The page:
If you use ruby 1.8 for quick command line tasks, and you use gems, you 
may notice that the interpreter has an execution overhead that is small 
but noticeable and irritating when repeated often enough.

$ time RUBYOPT='' ruby -e 1
ruby -e 1  0.01s user 0.00s system 105% cpu 0.011 total
$ time RUBYOPT='rubygems' ruby -e 1
RUBYOPT='rubygems' ruby -e 1  0.58s user 0.06s system 94% cpu 0.675 total

This is greatly improved in 1.9, which has gems built in.

$ time RUBYOPT='rubygems' ruby19 -e 1
RUBYOPT='rubygems' ruby19 -e 1  0.02s user 0.01s system 48% cpu 0.067 total

An order of magnitude improvement makes the delay much more acceptable, 
but if you're working with 1.8, that's not an option.

So here's a hack for 1.8 that restores the speed of bare-metal ruby but 
still lets you use gems. What it does is redefine Kernel#require to try 
loading things without rubygems, but fall back to using rubygems when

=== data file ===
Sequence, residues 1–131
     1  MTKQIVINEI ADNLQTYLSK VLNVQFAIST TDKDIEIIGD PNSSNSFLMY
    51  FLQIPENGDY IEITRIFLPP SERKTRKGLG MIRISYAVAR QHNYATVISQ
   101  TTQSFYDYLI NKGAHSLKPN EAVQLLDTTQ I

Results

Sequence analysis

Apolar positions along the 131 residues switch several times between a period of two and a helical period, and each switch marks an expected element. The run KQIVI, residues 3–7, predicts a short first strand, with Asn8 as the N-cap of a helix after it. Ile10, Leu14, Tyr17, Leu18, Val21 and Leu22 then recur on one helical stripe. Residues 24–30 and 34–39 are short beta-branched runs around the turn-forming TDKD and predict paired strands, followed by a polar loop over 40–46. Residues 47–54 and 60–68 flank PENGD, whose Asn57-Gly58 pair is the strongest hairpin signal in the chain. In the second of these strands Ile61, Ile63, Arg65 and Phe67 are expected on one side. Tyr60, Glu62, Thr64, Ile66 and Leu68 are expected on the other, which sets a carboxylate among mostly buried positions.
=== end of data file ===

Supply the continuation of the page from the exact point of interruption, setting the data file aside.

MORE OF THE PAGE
there is a load failure.

Put the file in a dir on your $LOAD_PATH, and set RUBYOPT to reference 
it, as shown below. *Note:* I haven't tested this widely yet. It may 
break libraries that do their own hacking with require or use LOAD_ERROR 
for their own devious purposes. I advise not using this hack in 
production code without careful testing.

$ cat gem-fallback.rb
module Kernel
   req = method :require
   define_method :require do |*args|
     begin
       req.call(*args)
     rescue LoadError
       Kernel.module_eval do
         define_method(:require, &req)
       end
       require 'rubygems'
       require(*args)
     end
   end
end

$ time RUBYOPT='rgem-fallback' ruby -e 1
RUBYOPT='rgem-fallback' ruby -e 1  0.01s user 0.00s system 71% cpu 0.011 
total

$ time RUBYOPT='rgem-fallback' ruby -e "require 'tagz'"
RUBYOPT='rgem-fallback' ruby -e "require 'tagz'"  0.60s user 0.07s 
system 79% cpu 0.850 total

-- 
       vjoel : Joel VanderWerf : path berkeley edu : 510 665 3407